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Elizabeth Pagano is the editor of the Austin Monitor.
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Environmental Board backs variances for Board of Realtors building
Tuesday, September 3, 2013 by Elizabeth Pagano
Sympathetic to site constraints and satisfied with the mitigation offered in return, the Environmental Board put its stamp of approval on a number of variances for a far West Austin tract last month.
The five-acre property is slated to become a three-story office building with underground parking for the Austin Board of Realtors.
Developers were asking for six variances in total for 4714 Spicewood Springs Road. Three of the variances would allow construction on slopes greater than usually allowed. They also requested variances for cut and fill exceeding four feet and variances that will reduce setbacks for rimrock on the property.
Watershed Protection’s Sylvia Pope told the board that setback variances like the one in this case have become more common recently.
“The undeveloped tracts left within our ETJ are ones that have been passed over by a lot of developers because of difficulties developing. So now you are going to see a lot more variances to reduce setbacks to less than 50 feet,” said Pope.
Developers were asking to reduce the setback from 150 feet to 50 feet in the center of the property and eight feet on the western portion of the property.
The board voted 4-2-1 to approve all six variances. Board Members James Schissler, Robert Deegan, Robin Gary and Chair Mary Gay Maxwell voted in favor of the variances and Board Members Mary Ann Neely and Marisa Perales voted against the variances. Board Member Jennifer Walker, who arrived after the case was underway, abstained.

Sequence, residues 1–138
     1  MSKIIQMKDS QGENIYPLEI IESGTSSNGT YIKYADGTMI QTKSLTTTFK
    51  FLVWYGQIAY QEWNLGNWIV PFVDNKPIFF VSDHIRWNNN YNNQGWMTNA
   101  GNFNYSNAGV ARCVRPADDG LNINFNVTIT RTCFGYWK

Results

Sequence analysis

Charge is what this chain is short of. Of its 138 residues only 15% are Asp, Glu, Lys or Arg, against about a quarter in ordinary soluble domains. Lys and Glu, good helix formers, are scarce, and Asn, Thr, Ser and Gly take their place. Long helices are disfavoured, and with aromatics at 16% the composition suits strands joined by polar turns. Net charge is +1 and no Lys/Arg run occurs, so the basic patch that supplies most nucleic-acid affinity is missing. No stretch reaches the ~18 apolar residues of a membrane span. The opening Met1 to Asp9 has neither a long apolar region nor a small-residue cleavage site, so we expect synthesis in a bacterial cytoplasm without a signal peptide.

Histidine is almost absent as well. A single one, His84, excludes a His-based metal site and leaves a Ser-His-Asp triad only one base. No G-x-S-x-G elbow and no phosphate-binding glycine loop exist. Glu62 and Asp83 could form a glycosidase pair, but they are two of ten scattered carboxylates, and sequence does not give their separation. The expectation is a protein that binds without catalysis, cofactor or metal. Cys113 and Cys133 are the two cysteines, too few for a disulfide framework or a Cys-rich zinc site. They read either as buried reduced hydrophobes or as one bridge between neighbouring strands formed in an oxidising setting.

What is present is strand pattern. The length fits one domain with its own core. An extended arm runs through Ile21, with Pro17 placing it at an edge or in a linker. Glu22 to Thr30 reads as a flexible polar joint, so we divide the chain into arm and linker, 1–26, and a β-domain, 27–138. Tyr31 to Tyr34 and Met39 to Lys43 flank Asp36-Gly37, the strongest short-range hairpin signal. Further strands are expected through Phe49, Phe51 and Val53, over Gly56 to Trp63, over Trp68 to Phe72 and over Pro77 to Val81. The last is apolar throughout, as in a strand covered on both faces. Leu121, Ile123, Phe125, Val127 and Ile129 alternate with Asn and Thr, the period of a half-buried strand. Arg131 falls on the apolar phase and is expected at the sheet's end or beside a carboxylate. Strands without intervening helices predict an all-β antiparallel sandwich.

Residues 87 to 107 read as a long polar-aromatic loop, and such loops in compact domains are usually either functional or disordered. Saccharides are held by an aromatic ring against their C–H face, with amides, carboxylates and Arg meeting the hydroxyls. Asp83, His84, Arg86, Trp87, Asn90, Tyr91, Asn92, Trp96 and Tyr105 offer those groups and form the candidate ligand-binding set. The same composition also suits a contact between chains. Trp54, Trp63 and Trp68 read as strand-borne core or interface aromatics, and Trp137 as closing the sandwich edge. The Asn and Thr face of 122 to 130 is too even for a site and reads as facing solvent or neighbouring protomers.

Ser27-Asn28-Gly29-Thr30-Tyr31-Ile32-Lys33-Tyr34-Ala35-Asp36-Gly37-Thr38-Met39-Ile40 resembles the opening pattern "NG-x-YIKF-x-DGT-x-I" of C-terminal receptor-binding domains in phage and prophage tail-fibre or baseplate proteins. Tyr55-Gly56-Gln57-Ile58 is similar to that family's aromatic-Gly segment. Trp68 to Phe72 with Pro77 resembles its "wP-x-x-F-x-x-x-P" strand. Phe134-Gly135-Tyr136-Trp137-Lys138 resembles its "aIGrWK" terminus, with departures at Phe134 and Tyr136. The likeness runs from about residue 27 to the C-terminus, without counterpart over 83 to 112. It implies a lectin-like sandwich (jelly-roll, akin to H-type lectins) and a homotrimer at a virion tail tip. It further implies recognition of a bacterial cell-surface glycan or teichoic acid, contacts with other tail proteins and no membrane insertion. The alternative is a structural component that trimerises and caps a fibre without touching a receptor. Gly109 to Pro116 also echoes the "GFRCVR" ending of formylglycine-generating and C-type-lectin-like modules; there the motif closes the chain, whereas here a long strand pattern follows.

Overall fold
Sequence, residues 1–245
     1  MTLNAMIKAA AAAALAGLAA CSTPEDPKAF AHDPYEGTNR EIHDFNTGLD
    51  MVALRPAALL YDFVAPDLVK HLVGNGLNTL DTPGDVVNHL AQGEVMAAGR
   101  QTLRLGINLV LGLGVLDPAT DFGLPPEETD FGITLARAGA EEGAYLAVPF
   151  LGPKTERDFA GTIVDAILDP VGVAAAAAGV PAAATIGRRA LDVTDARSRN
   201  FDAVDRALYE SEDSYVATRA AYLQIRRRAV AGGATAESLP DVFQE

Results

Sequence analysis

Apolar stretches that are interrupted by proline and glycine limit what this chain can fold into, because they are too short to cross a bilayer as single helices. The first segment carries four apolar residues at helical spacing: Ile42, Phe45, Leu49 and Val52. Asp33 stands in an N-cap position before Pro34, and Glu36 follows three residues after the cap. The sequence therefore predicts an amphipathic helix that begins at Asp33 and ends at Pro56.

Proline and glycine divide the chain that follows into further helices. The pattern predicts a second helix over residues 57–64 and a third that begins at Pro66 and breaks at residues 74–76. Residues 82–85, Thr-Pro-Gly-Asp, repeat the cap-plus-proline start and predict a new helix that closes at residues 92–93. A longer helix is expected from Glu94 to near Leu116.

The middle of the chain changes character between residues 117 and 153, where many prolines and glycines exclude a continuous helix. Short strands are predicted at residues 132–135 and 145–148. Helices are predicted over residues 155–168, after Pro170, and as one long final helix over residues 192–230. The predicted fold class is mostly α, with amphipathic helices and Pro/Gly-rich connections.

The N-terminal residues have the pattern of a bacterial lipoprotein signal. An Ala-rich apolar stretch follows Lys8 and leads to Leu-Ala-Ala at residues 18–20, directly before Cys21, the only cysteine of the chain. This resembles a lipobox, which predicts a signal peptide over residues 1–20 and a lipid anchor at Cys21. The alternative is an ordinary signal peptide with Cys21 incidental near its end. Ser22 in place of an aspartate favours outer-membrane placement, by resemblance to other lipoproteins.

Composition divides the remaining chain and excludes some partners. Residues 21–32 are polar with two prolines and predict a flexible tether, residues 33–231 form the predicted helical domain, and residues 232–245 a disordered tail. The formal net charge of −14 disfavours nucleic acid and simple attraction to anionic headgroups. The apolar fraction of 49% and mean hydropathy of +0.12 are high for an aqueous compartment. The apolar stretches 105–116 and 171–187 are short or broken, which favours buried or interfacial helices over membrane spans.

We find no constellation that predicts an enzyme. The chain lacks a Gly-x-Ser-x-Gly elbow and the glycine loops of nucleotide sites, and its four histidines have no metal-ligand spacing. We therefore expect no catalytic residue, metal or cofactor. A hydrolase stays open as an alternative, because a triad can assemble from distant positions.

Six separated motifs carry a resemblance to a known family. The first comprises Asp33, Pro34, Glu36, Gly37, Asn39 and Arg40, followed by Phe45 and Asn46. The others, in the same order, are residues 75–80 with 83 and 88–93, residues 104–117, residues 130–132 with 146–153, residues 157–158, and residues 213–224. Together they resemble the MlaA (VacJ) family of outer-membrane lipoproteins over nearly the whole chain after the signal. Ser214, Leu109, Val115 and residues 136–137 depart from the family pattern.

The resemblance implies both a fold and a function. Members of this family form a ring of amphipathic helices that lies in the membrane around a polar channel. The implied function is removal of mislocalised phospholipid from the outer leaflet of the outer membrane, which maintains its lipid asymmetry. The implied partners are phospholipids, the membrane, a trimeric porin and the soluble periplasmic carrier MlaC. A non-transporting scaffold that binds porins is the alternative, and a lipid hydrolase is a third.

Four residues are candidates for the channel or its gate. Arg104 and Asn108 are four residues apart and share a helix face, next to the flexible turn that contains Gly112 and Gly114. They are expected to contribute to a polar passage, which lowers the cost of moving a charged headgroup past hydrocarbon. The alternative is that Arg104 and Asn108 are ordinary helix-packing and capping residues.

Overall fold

“I think that when people buy property with the intent to develop it, they can’t buy a cliff and expect to put a shopping mall on it,” said Gary. “I think there needs to be reasonable expectations from the developer, given the site constraints.”
“These people are not maxing out their impervious cover. They have worked with staff, it seems, and staff has really pushed them to better the project,” said Gary. “I think there’s some good mitigation measures that they’ve offered.”
The property at 4714 Spicewood Springs is, in total, just over 5 acres. The land is within the drinking water protection zone and over the Edwards Aquifer Recharge Zone.
Armbrust and Brown attorney Richard Suttle explained that the site was challenging, saying it was about five acres of net site area, but that area was not contiguous due to topographic challenges.
Suttle said that they had worked with staff to develop the site with the least number of variances. That turned out to be six.
Staff placed four conditions on the variances, and asked that an “enormous brush pile” be removed along with invasive plants and shrubs. The city also asked that construction on the slopes be contained by vertical retaining systems that will minimize the construction footprint. Finally, they asked that the project incorporate enhanced water quality controls.
Additionally, the Environmental Board attached conditions that developers restore the eastern portion of the site with Hill Country Roadway buffer requirements.
An attempt by Perales to take up each variance separately was thwarted, with both Schissler and Deegan saying all of the variances would be necessary for the project to work.
“I think the applicant has worked with city staff to minimize the impact of the project on the environment. That’s what takes these permits months and months to get before us. Their job is to make sure whatever we see has already gone through several iterations to minimize the amount of cut and fill,” said Schissler.
Perales said it was “a bit unfortunate” to view the matter in such a black and white manner. She said that each variance should be evaluated separately, “based on whether it was protecting environmental integrity and no so much whether all of these are necessary for developing a particular project.”
Neely said that she was voting against the variances because she felt the developers could return with a better plan.
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